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Ten things to know about owning a motorhome

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FMCA member Carl Peterson of Rosharon, Texas, travels to water ski tournaments in his Safari motorhome. [Click to read story]

On his first motorhome trip, he got a crash course in motorhoming at an RV campground. He asked a group of motorhome owners, "What are the 10 most important things that I should know about owning a motorhome?"

Following is his original list, in the order that he wrote them down. "I still find them very useful," he said.

  1. 1. Keep tires inflated to the recommended cold pressure values.
  2. 2. Check tire pressure before every trip or every morning after a long drive.
  3. 3. Don't worry about tire rotation if you keep your alignment okay. Tires age out before they wear out.
  4. 4. Always walk around your motorhome before starting out anywhere. Check connections, jacks , antennas, for gear not stowed, unusual leaks, etc.
  5. 5. Add electric heat to your hot-water heater if it is gas only. Carry an electric heater in your rig. This saves on butane.
  6. 6. Don't leave awnings extended when you leave the RV park in case a storm with high winds comes in.
  7. 7. Towing your car four wheels down is simpler, and you don't have to park a trailer in addition to your car at the RV park.
  8. 8. Join an RV association and club. They are good sources for technical info and good friendship. (Note: I have really enjoyed FMCA and the Texans on Safari chapter since joining FMCA.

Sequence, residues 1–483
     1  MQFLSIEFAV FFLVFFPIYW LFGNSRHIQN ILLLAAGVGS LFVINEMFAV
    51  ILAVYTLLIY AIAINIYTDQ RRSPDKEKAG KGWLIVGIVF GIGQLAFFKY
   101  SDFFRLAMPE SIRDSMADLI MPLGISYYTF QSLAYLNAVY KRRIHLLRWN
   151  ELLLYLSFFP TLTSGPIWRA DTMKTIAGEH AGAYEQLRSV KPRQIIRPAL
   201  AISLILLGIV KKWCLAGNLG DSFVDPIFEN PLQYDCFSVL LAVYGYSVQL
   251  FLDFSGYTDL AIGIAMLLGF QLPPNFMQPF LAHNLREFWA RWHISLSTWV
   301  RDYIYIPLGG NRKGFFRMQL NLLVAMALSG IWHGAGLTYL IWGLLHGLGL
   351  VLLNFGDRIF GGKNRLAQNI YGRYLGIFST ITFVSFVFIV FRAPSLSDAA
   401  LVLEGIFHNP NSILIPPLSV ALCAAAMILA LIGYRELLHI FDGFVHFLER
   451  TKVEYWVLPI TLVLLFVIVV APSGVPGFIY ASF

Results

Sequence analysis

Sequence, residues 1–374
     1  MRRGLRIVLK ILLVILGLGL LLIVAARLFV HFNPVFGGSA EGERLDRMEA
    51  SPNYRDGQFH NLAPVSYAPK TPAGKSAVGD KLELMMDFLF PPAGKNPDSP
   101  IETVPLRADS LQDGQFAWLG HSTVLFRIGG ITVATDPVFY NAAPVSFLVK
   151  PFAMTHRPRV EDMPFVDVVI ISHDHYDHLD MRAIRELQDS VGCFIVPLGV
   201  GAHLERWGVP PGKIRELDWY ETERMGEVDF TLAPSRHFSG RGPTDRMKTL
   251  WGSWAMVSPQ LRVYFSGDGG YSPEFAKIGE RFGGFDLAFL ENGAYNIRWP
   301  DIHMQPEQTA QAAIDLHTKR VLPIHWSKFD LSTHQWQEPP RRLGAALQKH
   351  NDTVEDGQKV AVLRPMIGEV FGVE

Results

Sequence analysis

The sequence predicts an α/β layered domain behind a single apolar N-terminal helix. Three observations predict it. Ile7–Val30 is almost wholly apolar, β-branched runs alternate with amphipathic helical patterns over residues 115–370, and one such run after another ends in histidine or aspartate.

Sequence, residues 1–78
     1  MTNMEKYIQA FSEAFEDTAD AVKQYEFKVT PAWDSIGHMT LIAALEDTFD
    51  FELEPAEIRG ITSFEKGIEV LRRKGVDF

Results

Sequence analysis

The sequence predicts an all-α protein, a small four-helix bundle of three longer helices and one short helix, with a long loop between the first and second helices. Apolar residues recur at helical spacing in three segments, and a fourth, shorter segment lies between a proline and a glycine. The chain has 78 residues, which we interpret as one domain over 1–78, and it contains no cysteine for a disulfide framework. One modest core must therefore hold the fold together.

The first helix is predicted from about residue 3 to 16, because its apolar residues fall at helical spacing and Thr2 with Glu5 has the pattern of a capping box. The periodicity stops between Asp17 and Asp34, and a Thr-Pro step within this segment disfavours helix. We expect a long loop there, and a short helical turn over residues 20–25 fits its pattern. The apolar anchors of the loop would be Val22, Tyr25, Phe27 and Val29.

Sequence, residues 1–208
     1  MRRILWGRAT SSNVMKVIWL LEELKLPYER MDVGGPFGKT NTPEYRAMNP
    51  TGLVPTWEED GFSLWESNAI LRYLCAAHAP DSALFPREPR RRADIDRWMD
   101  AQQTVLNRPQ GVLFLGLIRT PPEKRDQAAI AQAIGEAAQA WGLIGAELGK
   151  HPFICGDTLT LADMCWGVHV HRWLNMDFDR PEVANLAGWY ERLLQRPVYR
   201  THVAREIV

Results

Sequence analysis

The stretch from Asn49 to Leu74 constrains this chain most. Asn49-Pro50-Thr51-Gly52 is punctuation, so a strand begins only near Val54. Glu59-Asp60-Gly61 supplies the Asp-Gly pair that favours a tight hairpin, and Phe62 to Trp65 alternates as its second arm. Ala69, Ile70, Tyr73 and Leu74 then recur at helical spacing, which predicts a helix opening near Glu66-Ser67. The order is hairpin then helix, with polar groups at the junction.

9. 9. Join Good Sam's President's Club for good discounts on RV products.
  10. 10. Buy a directory of RV sites to plan your trips. Also, Next Exit interstate travel exit guide is useful when traveling on interstates.

Care to add to the list?

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No. 11. Always have someone watching your rear when you are backing up! Even with a camera, you can't see it all. We like using radios for communicating as opposed to the wave and shout method.

No. 12. Don't get in a rush. If you find yourself in a difficult situation, take your time to look things over before you move.

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Guest Wayne77590

4A. A two-person check is better than a one-person check.

If you are by yourself, make the walk twice.

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I would like to add one more thing to your '"must do list."

Anytime you get out of the coach for any reason, LOOK UNDER THE COACH. Yes, under the coach.

Look for oil drips, water drips, transmission drips, ''hangie down wires" and anything that dont look like it did the last time you looked under the coach. Any time we get out of the coach to go shopping or to eat or when the coach has been setting on one spot for a while, I always look under the coach to see what has leaked on the pavement. It will only take you a minute but if something is amiss you will probably see it and avoid a ''SURPRISE'' when you are half way between nothing and nothing and no cell phone signal.

Make yourself a ''walk around'' check list like I did when I use to fly. Do your ''walk around'' the same way each time you pull out and it will save you a lot of grief later.

This is double important if you have a toad. I have a separate ''hook up list'' for the toad. I check out the coach and I hook up the toad and I do the ''list'' on each one. Then I do a final ''double check'' everything and get in the coach and hunt my keys for half an hour and we hit the road ... lol ... ( I'm teasing)

If you use this advise it will cost you 10 cents and you can pay me the next time you see me.

God bless our troops and bring them home safe ...

Seajay the sailor man .....

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